Thought should also be given to making the home a pleasant place to live; one that nurtures family life and individual reflection.

All of these things are achievable. But building such a house requires residents to change some of their perceptions about how their home will look and function.

Future homes are likely to be smaller, with fewer windows and no external timber. They will also require regular maintenance, keeping energy efficiency devices in good condition, and maintaining the carefully planted and cleared area around the house.

Making bushfire responsive houses affordable to the majority of residents is a challenge that the architecture profession may wish to contribute to in a number of ways. Architects could elect to volunteer their services and help individual families to rebuild. This however is a large and time consuming task.

An architectural competition could be set up to find the best cost-effective home designs which mitigate or remove the ways flying embers and direct flame contact from a bushfire gain entry into a house.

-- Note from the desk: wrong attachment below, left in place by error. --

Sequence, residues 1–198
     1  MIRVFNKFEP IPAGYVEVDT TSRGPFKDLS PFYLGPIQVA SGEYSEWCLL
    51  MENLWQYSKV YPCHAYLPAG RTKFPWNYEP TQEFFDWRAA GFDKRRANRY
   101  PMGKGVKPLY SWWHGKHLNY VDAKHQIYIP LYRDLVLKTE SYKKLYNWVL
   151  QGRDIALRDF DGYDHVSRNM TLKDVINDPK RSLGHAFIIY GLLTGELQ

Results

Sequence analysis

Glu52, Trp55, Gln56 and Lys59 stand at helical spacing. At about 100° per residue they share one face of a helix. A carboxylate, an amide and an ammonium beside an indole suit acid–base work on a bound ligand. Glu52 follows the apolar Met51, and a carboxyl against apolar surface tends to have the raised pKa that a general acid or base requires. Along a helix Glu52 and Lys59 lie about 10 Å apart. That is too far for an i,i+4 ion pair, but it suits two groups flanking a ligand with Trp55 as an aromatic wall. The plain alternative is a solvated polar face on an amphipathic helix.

Having a resource of pre-prepared designs would be good: the painful dilemma of research in this field is that it takes time, and residents who have recently lost their homes have very real needs right now. For me it’s personal, as many of the 252 residents who generously completed my questionnaire live in Springwood and other adversely affected areas of the Blue Mountains.

Douglas Brown received a PhD scholarship from Bushfire CRC.

The Conversation

This article was originally published at The Conversation.
Read the original article.

[Photo by thinboyfatter CC BY 2.0]

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17 Responses to How can we build houses that better withstand bushfires?
frankie frankie 8:40 pm 26 Oct 13

Henry82 said :

Generally, not building your house in the bush helps.

Or near large inflammable objects in general such as trees. Good advice.